Newsom Activates National Guard Amid COVID-19 Testing Shortages

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Medical assistant Leslie Powers carries swab samples collected from people to process them on-site at a COVID-19 testing site in Long Beach, Calif., Thursday, Jan. 6, 2022. (Jae C. Hong/AP Photo)

As the omicron variant rapidly spread around California, testing shortages were causing frustration and confusion among residents.

Kat Schuster, Patch Staff

 

CALIFORNIA — Gov. Gavin Newsom on Friday announced the activation of the California National Guard to support local communities with additional testing facilities and capacity amid the national surge in COVID-19 cases driven by the Omicron variant.

More than 200 Cal Guard members were set to be deployed across 50 Optum Serve sites around the state, serving as temporary clinical staff while permanent staff is hired, the governor announced.

The difficulty finding coronavirus test kits in many parts of California and delays in getting results are causing increasing frustration and contributing to the surge of infections that in just two weeks more than doubled the number of people in hospitals with COVID-19.

The omicron variant has spread rapidly around the nation and accounted for at least 80 percent of COVID-19 cases in California, according to Newsom. Negative test results can be a necessity for any number of activities, from going to work to boarding an airplane or attending a sporting event. Delays in getting results — or inability to find a test kit — can mean people with very mild or no symptoms may presume they are not infected and go about their usual routines.

“We have robust testing in California, we always want more, we’re seeking to get more, but that testing is a key part of keeping Californians knowledgeable about who’s infected, who’s exposed and helping us keep transmission in a more manageable place,” said Dr. Mark Ghaly, the state’s health secretary, at a news briefing on Wednesday.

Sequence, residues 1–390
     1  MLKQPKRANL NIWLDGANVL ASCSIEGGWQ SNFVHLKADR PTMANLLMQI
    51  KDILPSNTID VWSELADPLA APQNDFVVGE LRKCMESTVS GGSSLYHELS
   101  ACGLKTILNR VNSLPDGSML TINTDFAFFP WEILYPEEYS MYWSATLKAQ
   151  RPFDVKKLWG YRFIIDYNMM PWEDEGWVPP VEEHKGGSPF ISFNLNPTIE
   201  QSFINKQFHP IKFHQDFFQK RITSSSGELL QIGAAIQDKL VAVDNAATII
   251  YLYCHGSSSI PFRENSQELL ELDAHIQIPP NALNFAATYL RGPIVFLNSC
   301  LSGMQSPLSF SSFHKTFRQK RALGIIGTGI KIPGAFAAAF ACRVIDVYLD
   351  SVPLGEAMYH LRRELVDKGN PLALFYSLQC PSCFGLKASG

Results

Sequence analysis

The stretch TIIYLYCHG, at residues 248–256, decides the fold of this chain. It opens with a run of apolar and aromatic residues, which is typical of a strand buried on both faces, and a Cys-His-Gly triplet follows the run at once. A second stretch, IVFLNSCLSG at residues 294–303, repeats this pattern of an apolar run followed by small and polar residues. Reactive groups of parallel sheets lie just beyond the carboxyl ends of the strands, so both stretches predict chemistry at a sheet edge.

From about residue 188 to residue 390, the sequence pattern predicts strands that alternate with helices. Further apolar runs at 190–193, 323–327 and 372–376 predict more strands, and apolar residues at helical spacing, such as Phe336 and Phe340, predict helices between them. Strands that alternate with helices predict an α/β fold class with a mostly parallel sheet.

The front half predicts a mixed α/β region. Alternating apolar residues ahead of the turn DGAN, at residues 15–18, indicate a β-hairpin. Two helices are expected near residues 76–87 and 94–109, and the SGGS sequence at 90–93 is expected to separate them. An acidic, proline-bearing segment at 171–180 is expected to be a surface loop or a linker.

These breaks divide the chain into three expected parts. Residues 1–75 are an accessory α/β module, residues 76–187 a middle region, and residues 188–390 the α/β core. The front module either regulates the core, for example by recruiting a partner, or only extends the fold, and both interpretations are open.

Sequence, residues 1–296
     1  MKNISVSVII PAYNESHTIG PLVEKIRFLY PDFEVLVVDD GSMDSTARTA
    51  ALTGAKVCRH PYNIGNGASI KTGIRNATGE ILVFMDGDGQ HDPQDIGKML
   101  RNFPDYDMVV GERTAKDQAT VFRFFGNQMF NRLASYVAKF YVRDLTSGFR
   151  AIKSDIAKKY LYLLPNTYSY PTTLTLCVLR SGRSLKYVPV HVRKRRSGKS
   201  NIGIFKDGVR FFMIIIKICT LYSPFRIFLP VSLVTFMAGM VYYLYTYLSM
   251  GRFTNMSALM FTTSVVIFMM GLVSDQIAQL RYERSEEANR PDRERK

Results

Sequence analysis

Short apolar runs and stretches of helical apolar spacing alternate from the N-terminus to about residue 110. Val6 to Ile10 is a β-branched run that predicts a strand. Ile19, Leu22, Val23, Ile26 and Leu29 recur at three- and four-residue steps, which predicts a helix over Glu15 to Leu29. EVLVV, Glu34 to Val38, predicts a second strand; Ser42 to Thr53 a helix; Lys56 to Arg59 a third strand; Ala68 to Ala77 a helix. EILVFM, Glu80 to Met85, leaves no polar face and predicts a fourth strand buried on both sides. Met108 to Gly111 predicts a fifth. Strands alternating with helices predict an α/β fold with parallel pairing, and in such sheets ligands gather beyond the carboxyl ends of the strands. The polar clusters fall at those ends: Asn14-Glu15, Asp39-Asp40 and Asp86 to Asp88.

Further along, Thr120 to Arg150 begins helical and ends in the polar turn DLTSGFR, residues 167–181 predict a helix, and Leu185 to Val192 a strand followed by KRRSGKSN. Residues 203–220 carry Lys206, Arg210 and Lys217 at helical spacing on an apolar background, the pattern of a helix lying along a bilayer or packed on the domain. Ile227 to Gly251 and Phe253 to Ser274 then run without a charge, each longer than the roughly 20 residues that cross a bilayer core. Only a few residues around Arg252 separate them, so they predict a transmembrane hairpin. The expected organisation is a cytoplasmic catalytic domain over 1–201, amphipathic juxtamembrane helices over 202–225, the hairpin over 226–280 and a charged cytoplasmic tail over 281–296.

Newsom’s announcement comes as Omicron continues to spread rapidly across the globe, accounting for at least 80 percent of COVID-19 cases in California.

“California has led the country’s fight against COVID-19, implementing first-in-the-nation public health measures that have helped save tens of thousands of lives,” Newsom said. “We continue to support communities in their response to COVID by bolstering testing capacity.”

The state has about 6,000 testing sites which have expanded hours amid the extreme demand for testing.

On Friday, the state’s testing positivity rate was 21.7 percent, up from 2.2 percent the same time last month.

“Californians are managing through a significant number of reported cases on a daily basis,” said Ghaly said.

He added that the state is better prepared to handle this particular surge, compared with last winter’s devastating winter with COVID-19.

The steep increase in cases prompted officials this week to extend the state’s indoor mask mandate for yet another month.

Along with the renewed mandate, Californians will also be urged to make sure they are equipped with a well-fitted mask or one with a filtration system such as an N95 mask.

“Masks that were really helpful in the beginning are not as helpful today,” Ghaly said.

The renewed order was set to remain in place until Jan. 15, but Dr. Mark Ghaly, the state’s health secretary, announced that it would be extended until Feb. 17.

“At that time, we will again reevaluate the conditions across California and our communities in our health care delivery to make sure that we are taking the latest information into account to determine if there there would be another extension, or if we’re prepared to lift that requirement,” Ghaly told reporters on Wednesday.

 

The Associated Press contributed to this report.

Source: Los Angeles Patch

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